The third role is to act as a champion for their constituency as a whole.  The main justification for electing MPs on the basis of a geographic constituency is to provide an elected person in the House of Commons who can speak up for the needs of a particular geographic community.  Unfortunately, in the interest of making the constituencies the same size, the boundaries of Parliamentary Constituencies have become more and more arbitrary, and are about to become even more so, as the latest round of boundary revisions is based on an even smaller margin of numerical difference.  I was lucky as MP for Ipswich – I had one Borough Council to work with, and although my constituency didn’t cover the whole Borough, it covered the majority.  I was able to interact as the local MP with the Chamber of Commerce, the Business Improvement District, the CAB, the DWP, the Police and any number of other Borough-wide organisations.  Most of the UK’s parliamentary constituencies force local authorities to work with two or more MPs, and many force MPs to work with two or more local authorities.  In this case, the role of MP as place champion is made very much more difficult and less effective.


The MP’s electoral role

Another role exists, which is unofficial, but which is often uppermost in the MP’s mind – to act as an electoral champion for their political party.  Democracy is meant to be about holding governments, parties and MPs to account.  As a human being rather than an institution, an MP ought to be able to epitomise by their actions and attitudes within their constituency the principles of their party, and thus help increase (or reduce!) the vote for their party at the next General Election.  However, because under FPTP constituency boundaries are based not on natural communities but simply on the number of citizens living within an arbitrarily drawn line, many voters do not know either which parliamentary constituency they live in, nor who their MP is. Clearly, a significant proportion of voters cannot possibly be voting for a local MP they know and trust – in those cases the electoral champion role clearly doesn’t function at all.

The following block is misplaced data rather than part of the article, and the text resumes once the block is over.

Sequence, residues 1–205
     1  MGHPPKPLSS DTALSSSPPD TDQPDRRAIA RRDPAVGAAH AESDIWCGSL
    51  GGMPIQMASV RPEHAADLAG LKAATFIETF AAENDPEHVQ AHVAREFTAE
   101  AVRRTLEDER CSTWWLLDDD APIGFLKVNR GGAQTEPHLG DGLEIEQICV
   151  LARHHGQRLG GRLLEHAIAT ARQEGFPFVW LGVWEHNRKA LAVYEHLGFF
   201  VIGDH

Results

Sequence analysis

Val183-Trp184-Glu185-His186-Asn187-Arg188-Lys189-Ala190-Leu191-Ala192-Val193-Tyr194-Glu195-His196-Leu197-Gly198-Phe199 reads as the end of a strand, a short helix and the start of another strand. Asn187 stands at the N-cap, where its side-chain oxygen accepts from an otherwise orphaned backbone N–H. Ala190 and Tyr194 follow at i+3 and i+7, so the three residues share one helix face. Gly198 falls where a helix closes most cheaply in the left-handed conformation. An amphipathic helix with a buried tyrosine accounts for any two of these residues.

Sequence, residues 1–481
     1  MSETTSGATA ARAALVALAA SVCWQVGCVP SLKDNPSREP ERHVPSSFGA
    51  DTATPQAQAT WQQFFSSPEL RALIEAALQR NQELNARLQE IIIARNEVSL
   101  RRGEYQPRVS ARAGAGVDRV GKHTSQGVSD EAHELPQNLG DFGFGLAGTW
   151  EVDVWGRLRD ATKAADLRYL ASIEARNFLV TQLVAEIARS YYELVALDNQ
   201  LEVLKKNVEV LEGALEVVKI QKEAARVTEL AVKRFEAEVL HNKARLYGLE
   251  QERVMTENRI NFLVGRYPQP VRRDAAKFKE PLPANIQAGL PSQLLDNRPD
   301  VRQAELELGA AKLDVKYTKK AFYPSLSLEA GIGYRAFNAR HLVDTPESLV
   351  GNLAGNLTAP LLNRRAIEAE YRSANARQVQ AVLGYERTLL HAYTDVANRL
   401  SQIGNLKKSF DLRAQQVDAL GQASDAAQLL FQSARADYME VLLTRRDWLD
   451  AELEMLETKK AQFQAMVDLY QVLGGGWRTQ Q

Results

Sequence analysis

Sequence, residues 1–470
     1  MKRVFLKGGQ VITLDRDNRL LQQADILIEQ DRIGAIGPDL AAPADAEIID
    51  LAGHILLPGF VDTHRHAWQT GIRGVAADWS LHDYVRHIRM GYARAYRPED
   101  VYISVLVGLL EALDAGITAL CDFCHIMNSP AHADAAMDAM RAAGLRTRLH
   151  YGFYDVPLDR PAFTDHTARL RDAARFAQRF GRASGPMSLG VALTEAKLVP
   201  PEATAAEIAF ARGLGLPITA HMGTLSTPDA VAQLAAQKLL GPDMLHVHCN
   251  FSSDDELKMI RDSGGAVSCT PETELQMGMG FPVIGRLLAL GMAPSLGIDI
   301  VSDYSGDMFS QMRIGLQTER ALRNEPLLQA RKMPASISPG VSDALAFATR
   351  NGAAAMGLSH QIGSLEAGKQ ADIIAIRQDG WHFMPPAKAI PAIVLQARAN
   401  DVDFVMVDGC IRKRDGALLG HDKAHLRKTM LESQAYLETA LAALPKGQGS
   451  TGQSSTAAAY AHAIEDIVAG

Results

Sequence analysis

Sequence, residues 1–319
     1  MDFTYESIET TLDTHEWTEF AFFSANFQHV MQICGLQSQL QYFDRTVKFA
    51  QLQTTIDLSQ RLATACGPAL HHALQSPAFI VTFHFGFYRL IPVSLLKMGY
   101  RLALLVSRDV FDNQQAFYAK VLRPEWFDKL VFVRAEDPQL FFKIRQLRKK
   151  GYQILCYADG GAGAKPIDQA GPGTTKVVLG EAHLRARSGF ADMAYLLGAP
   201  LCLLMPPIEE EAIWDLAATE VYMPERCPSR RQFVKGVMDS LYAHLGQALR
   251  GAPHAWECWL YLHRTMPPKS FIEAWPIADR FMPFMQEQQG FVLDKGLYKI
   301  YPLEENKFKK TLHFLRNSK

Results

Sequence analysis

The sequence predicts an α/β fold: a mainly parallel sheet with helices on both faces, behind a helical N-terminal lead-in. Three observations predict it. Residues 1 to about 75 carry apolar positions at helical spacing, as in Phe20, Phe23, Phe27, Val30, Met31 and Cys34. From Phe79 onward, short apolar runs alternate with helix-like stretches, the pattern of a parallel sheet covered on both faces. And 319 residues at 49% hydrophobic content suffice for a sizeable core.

How PR can enhance the constituency link

MPs need to represent meaningful geographic constituencies, on boundaries which the voters recognise, and which do not frequently change.  In addition, parliamentary constituency boundaries should, wherever possible, be coterminous with local authority boundaries, to enable the local community to develop the most effective relationship with their MP or MPs. To achieve that under a single-member constituency system will involve a significant level of divergence in the size of the electorate in each constituency. Under FPTP, such a level of divergence would risk making the discrepancy between the percentage of votes cast nationwide and the number of seats allocated to each party even wider than at present. With an STV electoral system, that divergence in size can be accommodated by having fewer or more MPs in each multi-member constituency.  With an AMS system, that divergence can be more accurately compensated for by electing top-up members on a regional or sub-regional basis.  Either way, a PR system has the potential to enable the redrawing of constituencies so that they share their boundaries with local authorities, are easily identifiable, remain the same for generations and not just for a few years, provide most voters with an MP that they can trust, AND still return a government which far more closely matches the proportion of votes cast across the country.  In short, PR won’t just retain the link between MPs and constituents, it will make it work a whole lot better.